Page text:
Fig. 2
Hypopyon in the anterior chamber of the right eye.

Nine days after admission the patient underwent a pars plana vitrectomy with cataract surgery in the right eye. Intravitreal gentamicin (20 µg/mL), cefazolin (50 µg/mL), amphotericin B (1.0 µg/mL), vancomycin (1 mg), and ceftazidime (2 mg) were administered at the end of the surgery.

Five days after the initial ocular presentation, P. agglomerans was identified in the vitreous culture, but the aqueous humor and blood cultures were negative. Based on sensitivities, intravenous antibiotics (ciprofloxacin 200 mg every twelve hours and ampicillin sodium 500 mg every eight hours) were administered. The inflammation of the right eye gradually decreased in response to this therapy, but no response was observed in the left eye. On hospital day 24 the patient underwent a pars plana vitrectomy with cataract surgery in the left eye. All cultures of the vitrectomy specimens were negative. Ophthalmic findings in the left eye also improved. Six months after surgery the patient's final visual acuity improved to 25/20 in the right eye and 20/200 in the left eye. An exudative scar of the paramacular area in his left eye was noted, but his symptoms were markedly improved.

Discussion

Endogenous bacterial endophthalmitis is a rare disease that occurs when microorganisms spread to the eye from a source elsewhere in the body, usually through the bloodstream. It accounts for only 2 to 6% of all cases of endophthalmitis [6]. In this case we initially believed that the infection was fungal in origin because of the clinical features, no history of ocular trauma, the presence of interstitial lung disease with a fever, and the prior administration of immunosuppressive treatment. Early diagnosis and treatment were delayed and the inflammatory reaction worsened because this species of Enterobacteriace is refractory to antifungal agents. After aspiration of the vitreous, P. agglomerans was confirmed as the causative agent of the intraocular infection. Early detection of visual disturbances is important in patients who have received corticosteroids or immunosuppressive therapy.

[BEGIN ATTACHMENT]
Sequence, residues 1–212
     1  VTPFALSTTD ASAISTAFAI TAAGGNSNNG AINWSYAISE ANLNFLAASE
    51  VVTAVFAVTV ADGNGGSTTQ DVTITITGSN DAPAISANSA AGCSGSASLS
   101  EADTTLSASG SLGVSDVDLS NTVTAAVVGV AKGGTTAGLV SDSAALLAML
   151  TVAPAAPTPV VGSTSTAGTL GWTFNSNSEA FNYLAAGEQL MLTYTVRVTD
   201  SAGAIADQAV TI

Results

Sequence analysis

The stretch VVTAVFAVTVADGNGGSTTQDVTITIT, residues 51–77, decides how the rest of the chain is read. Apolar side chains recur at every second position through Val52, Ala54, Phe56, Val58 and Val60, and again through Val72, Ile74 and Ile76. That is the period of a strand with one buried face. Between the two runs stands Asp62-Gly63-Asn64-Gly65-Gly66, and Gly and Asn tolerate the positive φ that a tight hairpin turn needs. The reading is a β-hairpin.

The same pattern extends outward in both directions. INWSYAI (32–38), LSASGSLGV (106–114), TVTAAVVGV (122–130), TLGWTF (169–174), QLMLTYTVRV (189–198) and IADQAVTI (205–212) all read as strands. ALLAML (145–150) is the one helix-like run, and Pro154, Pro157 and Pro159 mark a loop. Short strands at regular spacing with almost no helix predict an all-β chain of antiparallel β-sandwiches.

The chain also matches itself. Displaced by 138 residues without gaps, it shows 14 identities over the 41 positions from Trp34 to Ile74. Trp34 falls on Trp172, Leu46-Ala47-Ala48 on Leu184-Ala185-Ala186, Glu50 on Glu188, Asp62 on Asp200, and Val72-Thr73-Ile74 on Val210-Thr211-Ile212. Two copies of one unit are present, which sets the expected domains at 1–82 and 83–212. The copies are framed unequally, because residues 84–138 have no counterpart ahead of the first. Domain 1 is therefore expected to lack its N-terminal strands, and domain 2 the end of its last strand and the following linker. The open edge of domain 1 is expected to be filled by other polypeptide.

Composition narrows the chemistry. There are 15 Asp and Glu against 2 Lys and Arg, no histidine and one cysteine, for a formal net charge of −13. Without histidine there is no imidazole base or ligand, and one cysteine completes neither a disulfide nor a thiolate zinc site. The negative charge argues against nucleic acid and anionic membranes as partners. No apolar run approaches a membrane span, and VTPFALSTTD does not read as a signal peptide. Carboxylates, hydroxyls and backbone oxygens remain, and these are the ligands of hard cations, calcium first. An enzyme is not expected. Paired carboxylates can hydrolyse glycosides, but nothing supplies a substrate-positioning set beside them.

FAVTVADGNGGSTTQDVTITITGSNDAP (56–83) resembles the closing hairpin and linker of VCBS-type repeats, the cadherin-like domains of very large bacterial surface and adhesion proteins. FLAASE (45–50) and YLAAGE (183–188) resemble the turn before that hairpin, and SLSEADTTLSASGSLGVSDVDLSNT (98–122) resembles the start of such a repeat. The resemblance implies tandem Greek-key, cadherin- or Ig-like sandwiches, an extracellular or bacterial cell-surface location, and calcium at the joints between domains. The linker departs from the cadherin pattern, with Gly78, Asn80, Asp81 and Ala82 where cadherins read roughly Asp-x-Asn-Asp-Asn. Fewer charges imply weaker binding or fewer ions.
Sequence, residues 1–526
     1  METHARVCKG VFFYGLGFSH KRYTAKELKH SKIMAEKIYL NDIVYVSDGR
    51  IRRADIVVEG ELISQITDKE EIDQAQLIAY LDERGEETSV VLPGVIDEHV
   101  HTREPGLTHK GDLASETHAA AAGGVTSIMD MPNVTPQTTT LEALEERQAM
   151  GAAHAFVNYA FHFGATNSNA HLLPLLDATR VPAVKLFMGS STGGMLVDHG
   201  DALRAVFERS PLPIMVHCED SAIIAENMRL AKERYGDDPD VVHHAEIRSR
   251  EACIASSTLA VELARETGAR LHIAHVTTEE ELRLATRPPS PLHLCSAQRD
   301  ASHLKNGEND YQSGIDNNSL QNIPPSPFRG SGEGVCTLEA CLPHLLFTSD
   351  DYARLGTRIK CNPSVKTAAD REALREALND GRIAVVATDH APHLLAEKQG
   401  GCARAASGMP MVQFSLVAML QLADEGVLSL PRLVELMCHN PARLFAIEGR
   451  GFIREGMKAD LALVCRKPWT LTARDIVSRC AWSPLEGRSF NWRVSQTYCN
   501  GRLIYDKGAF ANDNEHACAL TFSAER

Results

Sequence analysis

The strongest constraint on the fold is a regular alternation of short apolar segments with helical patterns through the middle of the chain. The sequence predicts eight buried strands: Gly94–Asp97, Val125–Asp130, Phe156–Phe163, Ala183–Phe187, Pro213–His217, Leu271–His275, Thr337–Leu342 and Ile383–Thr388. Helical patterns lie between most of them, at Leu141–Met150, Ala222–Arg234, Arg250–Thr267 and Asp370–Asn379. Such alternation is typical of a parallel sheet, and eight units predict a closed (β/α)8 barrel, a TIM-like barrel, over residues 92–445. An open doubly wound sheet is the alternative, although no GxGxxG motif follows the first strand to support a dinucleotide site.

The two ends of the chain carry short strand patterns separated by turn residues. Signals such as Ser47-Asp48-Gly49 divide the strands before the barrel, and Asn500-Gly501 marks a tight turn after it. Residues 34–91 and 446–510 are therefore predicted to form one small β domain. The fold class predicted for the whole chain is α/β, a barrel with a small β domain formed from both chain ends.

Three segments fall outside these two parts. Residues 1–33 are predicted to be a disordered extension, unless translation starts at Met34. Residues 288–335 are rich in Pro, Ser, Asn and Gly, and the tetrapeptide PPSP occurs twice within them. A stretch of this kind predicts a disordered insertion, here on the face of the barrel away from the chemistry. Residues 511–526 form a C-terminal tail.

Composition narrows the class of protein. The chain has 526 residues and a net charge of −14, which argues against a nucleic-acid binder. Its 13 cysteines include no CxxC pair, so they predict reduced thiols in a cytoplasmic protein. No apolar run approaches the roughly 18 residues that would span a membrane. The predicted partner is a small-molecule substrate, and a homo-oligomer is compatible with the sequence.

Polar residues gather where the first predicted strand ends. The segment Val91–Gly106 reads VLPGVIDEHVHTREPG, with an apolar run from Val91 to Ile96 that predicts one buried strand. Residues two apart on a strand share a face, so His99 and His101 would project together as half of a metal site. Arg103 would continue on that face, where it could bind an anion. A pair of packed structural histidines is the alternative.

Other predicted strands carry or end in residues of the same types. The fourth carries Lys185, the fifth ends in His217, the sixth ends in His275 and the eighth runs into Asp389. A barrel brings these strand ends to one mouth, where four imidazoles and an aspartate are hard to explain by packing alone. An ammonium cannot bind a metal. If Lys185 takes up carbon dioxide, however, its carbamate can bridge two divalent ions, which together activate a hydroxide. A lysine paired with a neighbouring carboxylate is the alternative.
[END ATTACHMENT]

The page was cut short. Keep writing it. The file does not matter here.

P. agglomerans (formerly named Enterobacter agglomerans) is a rare cause of endogenous endophthalmitis. Zeiter et al. [7] reported the first case of endogenous P. agglomerans endophthalmitis in the United States. It is a gram-negative aerobic bacillus in the family Enterobacteriaceas. All species of the genus P. agglomerans can be isolated from feculent materials, plants, and soil; they can be either pathogens or commensals. Within the genus, P. agglomerans is the most commonly isolated species in humans, resulting in soft tissue or bone/joint infections following penetrating trauma by vegetation [8]. The organism also colonizes cotton and cotton plants and has been shown to cause a benign self-limited fever in intravenous drug abusers who filter drugs through cotton before injecting [9,10]. Tissue toxicity associated with gram-negative rods in endophthalmitis is known to generally have a poor outcome [11]. However, in our case the ocular infection subsided after vitrectomy, intravitreal injection, and tailored antibiotic treatment.

P. agglomerans produces yellow pigments that are typically only noticeable after delayed incubation at room temperature. This distinguishes it from other Enterobacter species. In our case, P. agglomerans was isolated in a vitreous culture. Yellow pigment-producing colonies that were 2 mm in size, nonhemolytic, and convex were detected on a blood agar plate (Fig. 3).

Fig. 3
Pantoea agglomerans was isolated in the vitreous culture. Yellow pigment-producing colonies that were 2 mm in size, nonhemolytic, and convex were detected on a blood agar plate.

We believe that our case is the first report of bilateral endogenous endophthalmitis caused by P. agglomerans in Korea and the first case reported outside of the United States.

Footnotes

No potential conflict of interest relevant to this article was reported.

References

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Articles from Korean Journal of Ophthalmology : KJO are provided here courtesy of The Korean Ophthalmological Society